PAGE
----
Last week’s Supreme Court decision on marriage equality was a huge victory for Mayor Gavin Newsom. Beyond vindicating his move in February 2004, it also solidified his front-runner status for the Governor’s race in 2010. California voters increasingly support marriage equality, and the right-wing anti-gay initiative on the November ballot now gives Newsom the opportunity to wage a statewide campaign. Unlike in the 1990’s, Democrats reward politicians who stand on principle – and by June 2010 will view Newsom as one who did the right thing when it was not popular. Newsom’s potential rivals – Los Angeles Mayor Antonio Villaraigosa and Attorney General Jerry Brown – cannot lay such a claim, and will be “old news” by the time 2010 rolls around.

Newsom’s decision on February 12, 2004 – barely two months after winning a very close Mayor’s race – was one of the most brilliant political moves in years. It forced San Francisco progressives overnight to re-think their opinion about him (regardless of their differences with Newsom on economic issues), and it sealed his re-election in 2007. While Newsom took heat from the Democratic Party for “costing” John Kerry the White House, even this backlash was a long-term gain – as it solidified his reputation as a liberal Democrat who will stand on principle when the party leadership said “no.”

But regardless of whether it was a calculated move – or simply a willingness to do the right thing – Newsom undeniably helped the case for marriage equality, legally and politically. We would not have gay marriage in California today without it, nor would a growing number of voters support it. A shift from 61% support for Proposition 22 eight years ago to the state being evenly split on the question today cannot be explained merely by demographic changes or voter turnout models. By pushing the issue into the forefront, California voters have had to re-examine their views – and are moving toward equality.

Which is why the anti-gay marriage amendment on the November ballot will be such a boon for his gubernatorial prospects. In recent days, the press has said that Newsom has a “lot at stake” with the right-wing initiative – and that its passage would hurt him badly. But while the measure is likely to fail (and thus vindicate Newsom again), having it on the ballot is a “win-win” situation for his 2010 ambitions. Like he used Care Not Cash in 2002 as a prelude to running for Mayor, Newsom now has the chance to elevate his statewide profile – and build a grassroots infrastructure for his run for Governor.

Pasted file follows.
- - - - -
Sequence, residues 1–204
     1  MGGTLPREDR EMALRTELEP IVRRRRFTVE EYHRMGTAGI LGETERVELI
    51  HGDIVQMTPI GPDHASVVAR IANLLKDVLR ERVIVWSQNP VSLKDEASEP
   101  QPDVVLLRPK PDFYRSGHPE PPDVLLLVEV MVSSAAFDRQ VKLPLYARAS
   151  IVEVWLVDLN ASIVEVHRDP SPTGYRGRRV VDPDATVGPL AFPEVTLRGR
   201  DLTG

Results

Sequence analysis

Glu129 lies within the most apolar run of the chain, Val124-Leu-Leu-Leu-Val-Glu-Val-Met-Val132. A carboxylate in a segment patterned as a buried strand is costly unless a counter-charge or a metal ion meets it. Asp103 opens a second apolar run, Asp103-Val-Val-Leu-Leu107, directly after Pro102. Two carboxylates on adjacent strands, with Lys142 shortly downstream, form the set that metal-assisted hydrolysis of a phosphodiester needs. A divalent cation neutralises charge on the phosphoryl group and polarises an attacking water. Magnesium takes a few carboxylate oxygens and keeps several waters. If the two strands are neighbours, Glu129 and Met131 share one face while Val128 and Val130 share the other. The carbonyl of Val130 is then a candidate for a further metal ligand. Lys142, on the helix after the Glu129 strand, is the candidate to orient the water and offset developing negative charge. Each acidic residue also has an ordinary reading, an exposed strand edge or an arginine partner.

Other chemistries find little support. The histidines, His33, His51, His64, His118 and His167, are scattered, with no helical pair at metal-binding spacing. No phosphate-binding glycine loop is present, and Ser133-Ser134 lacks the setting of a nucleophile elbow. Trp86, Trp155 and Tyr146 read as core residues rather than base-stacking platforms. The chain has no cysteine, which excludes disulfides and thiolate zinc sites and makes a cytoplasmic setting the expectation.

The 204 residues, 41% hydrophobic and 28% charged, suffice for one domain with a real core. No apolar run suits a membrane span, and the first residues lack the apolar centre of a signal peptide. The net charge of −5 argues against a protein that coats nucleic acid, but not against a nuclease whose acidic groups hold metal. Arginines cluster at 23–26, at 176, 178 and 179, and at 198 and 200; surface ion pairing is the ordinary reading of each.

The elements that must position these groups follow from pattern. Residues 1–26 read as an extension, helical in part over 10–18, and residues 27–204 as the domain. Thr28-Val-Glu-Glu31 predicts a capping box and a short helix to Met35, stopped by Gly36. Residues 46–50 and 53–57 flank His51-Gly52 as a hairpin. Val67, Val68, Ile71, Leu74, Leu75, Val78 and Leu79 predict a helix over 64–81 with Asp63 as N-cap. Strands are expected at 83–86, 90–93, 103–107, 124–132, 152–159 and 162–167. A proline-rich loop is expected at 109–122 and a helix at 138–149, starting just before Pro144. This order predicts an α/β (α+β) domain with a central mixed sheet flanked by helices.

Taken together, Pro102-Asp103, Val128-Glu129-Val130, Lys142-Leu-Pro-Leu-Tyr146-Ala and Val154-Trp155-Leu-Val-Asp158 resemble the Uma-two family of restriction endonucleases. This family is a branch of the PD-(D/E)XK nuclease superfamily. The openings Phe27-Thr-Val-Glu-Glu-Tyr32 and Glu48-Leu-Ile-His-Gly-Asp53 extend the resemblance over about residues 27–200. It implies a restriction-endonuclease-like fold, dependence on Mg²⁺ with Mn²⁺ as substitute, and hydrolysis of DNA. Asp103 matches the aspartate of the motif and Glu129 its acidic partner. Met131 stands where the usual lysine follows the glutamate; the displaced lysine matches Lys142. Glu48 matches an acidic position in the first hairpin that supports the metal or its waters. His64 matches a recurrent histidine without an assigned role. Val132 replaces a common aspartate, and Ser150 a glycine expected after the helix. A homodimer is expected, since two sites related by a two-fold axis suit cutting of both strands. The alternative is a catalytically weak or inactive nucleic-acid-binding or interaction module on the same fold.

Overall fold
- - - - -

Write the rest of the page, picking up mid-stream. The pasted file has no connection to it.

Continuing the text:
But unlike Care Not Cash – where Newsom gained resentment from many local progressives as running for Mayor “on the backs of the homeless” – this time he will work with the Left side-by-side to defend the rights of gays and lesbians. It will earn him enough good will among grassroots Democratic activists throughout California that they will gladly sign up in 2010 to support his run – regardless of the measure’s ultimate fate.

Newsom will also benefit from the fact that Democrats increasingly support candidates who say that the Party should stand on principle – rather than engage in the politics of triangulation. Dianne Feinstein and Gray Davis won the Democratic nomination for Governor in 1990 and 1998, respectively, because they campaigned as moderates who “know how to win” – and primary voters went along with their shameless pandering on the death penalty. But George Bush and the War in Iraq changed how Democrats think – and they’re now upset at a party leadership that is weak, centrist and ineffectual.

By June 2010, these voters will reward Gavin Newsom for being ahead of his time. He was willing to stick out his neck for marriage equality, was shunned by the party elders, but did the right thing by changing hearts and minds. Los Angeles Mayor Antonio Villaraigosa and Attorney General Jerry Brown will also campaign as progressives, but neither can clearly point to a willingness to buck the trend on such a high-profile issue.

Villaraigosa was an early favorite for the nomination with his background as a union organizer. But his fights with the L.A. teachers union – coupled with Newsom’s support for the S.F. hotel workers – will convince organized labor not to go all-out for him as “their” candidate. He also still has to run for re-election in 2009, and his campaigning for Hillary Clinton (far more active than Newsom) has soured his progressive reputation.

Jerry Brown has a much longer record than Newsom of “going against the grain,” but his quirky personality will turn people off as strange. Brown will be 72 by the time 2010 rolls around, and nobody will see an ex-Governor as new and exciting. Brown may have been an innovative progressive long ago, but his tenure as Mayor of Oakland showed how he’ll betray the Left – and that it’s impossible to really know what he stands for.

With his move to issue marriage licenses to gay and lesbian couples vindicated by the state Supreme Court, Newsom can now focus on defeating the constitutional amendment on the November ballot. And once that battle is fought, his front-runner status as the next California Governor will be confirmed.